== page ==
Pure Physio Blog

Getting Started and Building Habits – Part Two

Published on
27 Sep 2019

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Sarah_Large

Written by
Sarah Anderson
Manual Physiotherapist

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AFL Grand Final Week is upon us with the Richmond Army set to battle the AFL’s newest club, GWS Giants, in what is set to be a blockbuster clash. Now whilst the AFL’s elite gear up to battle it out on Saturday afternoon, I hope you have had time to reflect on your 2019 season and set a few goals for 2020, as I discussed in part 1 of this blog “Surviving Pre-Season.”

 After setting yourself a goal it’s now time we look at what areas of your fitness you need to improve to achieve the aspiration you have for 2020. I will give you an example and share with you my training plans for the upcoming month. Keep in mind, I play AFL but you can use this model for any team sport. 

My goal is to play more than half the game in the ruck in season 2020. For me to achieve this I need to improve both my aerobic conditioning and muscular power to jump and compete with the other rucks in the competition. 

So as I continue to look towards the warmer days and daylight saving, what does my current training program look like to hit these goals? I am still ticking the legs over with a couple of runs a week (maximum 5 km). I am definitely not a ‘runner’ but to play AFL, you need to be able to run and to reach my goal of improved aerobic fitness, I need to increase my running ability. So currently throughout September I am more just building a habit of getting 3 slow short runs in a week to give myself a base to work from for when I start some interval and repeat sprint efforts in October. This is also a great time to address any on-going pains or discomforts you have when running. Myself and the team at Pure Physio can assist you in this area, by looking at both your injury history and assessing your running.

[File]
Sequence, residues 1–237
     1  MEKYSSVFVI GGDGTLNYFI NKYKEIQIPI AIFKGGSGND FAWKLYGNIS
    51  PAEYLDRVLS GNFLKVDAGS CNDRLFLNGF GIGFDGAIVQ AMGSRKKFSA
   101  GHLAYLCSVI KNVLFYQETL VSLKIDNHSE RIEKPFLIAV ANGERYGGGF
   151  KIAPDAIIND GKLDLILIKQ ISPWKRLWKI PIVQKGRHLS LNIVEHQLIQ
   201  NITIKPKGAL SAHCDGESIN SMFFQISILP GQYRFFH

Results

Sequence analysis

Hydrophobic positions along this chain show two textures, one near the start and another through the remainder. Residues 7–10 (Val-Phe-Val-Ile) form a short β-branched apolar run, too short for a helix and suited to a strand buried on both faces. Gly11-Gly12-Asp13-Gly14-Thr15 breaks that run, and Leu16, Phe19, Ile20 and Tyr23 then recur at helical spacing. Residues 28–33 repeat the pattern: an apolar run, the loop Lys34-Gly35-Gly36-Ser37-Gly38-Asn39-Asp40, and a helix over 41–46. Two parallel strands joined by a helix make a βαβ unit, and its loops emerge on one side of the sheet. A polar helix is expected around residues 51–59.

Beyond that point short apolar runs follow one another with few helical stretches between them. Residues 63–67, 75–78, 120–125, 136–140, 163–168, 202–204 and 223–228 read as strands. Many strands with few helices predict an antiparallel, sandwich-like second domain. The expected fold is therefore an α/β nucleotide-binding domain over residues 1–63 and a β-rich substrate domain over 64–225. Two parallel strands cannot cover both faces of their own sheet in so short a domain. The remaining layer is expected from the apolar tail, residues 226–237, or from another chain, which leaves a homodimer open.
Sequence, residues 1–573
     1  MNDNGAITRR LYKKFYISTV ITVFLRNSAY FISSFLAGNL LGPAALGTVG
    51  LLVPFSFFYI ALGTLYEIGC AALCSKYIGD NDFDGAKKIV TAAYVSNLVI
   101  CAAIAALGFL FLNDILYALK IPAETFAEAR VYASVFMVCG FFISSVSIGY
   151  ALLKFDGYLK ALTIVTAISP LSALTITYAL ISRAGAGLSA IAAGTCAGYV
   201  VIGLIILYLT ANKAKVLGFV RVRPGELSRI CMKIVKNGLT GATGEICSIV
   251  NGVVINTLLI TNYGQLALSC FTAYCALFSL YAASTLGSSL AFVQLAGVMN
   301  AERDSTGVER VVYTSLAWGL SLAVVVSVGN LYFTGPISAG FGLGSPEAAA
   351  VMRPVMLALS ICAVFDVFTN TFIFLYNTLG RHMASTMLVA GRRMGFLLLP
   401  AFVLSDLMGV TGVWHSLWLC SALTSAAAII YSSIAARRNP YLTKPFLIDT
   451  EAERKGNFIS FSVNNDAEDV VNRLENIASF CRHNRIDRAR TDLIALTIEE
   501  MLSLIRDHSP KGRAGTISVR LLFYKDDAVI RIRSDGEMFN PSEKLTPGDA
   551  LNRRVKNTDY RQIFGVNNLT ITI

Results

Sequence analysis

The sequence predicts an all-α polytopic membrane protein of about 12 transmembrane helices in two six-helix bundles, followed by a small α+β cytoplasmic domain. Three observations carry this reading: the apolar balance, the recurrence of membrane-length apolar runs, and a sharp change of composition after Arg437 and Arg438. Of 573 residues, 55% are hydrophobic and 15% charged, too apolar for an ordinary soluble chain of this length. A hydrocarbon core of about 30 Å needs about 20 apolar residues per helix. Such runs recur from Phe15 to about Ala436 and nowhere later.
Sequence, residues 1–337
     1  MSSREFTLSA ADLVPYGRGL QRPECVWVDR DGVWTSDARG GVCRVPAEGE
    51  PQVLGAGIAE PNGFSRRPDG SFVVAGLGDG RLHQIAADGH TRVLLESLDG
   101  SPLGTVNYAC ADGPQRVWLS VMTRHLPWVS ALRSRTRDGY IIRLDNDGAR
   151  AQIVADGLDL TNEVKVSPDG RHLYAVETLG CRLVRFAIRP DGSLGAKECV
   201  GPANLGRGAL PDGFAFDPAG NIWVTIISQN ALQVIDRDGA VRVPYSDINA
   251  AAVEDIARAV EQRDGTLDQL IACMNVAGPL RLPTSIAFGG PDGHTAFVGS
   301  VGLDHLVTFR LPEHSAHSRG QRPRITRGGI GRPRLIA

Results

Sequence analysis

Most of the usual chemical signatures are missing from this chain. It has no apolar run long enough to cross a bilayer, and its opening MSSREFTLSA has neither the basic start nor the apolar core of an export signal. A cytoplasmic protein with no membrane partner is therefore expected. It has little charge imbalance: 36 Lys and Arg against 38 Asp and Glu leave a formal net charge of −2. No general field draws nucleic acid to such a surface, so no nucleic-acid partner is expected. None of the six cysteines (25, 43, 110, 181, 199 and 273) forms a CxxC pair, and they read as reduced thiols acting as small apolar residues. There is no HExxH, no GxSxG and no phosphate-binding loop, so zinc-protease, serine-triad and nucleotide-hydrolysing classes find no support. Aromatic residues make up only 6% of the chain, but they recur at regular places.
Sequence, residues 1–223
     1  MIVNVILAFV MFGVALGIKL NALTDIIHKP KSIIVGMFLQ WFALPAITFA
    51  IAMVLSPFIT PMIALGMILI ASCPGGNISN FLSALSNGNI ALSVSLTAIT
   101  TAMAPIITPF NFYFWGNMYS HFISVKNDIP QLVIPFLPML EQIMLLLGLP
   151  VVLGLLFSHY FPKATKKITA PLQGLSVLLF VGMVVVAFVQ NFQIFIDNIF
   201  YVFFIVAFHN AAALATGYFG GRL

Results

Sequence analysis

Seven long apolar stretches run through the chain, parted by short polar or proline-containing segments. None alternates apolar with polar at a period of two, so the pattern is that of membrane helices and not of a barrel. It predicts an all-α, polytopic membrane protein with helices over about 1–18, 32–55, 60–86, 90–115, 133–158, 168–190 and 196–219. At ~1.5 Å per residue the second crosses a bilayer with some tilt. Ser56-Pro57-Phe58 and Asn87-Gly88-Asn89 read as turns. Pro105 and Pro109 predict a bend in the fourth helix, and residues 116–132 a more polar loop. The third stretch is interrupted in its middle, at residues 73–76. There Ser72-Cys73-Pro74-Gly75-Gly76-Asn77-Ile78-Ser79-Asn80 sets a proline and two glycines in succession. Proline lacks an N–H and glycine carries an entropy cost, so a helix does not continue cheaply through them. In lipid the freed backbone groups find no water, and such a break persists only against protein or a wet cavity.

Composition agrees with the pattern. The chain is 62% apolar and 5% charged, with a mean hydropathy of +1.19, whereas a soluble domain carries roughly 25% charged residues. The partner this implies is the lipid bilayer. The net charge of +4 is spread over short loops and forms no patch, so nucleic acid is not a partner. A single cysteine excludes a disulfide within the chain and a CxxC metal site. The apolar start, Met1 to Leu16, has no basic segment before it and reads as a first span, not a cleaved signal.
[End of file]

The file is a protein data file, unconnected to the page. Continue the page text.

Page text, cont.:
To build power, first you must build strength. My focus for September is to gradually build strength, which is called hypertrophy. Currently, I completed 3 full body strength sessions a week, slowly building lean muscle and focusing on previously injured areas eg. hamstring, knee and lumbar. As a general rule, to maintain fitness we need to complete a minimum of 2 sessions a week and to increase you need to complete 3 sessions a week. Due to time restrictions, I only train 3 times a week at the gym so completing full body strength sessions works for me. If you enjoy the gym and go 5-6 times a week you will be able to break the sessions up into upper and lower body but it’s important to be consistent with your training. 

Whilst completing 3 running sessions and 3 gym sessions is very achievable for me, this is not the case with every player. Every player is different is terms of goals, fitness, level of experience and injury history so there is no one size fits all. No two players can complete the same pre season and both achieve their goals. Keep in mind, you should never start any training program without the consultation of a healthcare provider.

So if you are looking to improve your game in 2020 but are unsure on what type of training, number of sessions or how to prevent injuries, book in and see myself or one of the team at Pure Physio to guide you through a step by step program. 

I’ll be back after the AFL Grand Final to share an outline of my 6 weeks program, I am completing before preseason starts back at the club in early November. 

Enjoy the Grand Final and Go Tigers! 

 

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About the Author

Sarah Anderson — Manual Physiotherapist

Sarah graduated from Bond University, Gold Coast with a Bachelor of Health Science and Australian Catholic University, Brisbane with a Bachelor of Physiotherapy. Since graduating, Sarah has worked in a range of sports and private practice settings gaining valuable hands on experience.

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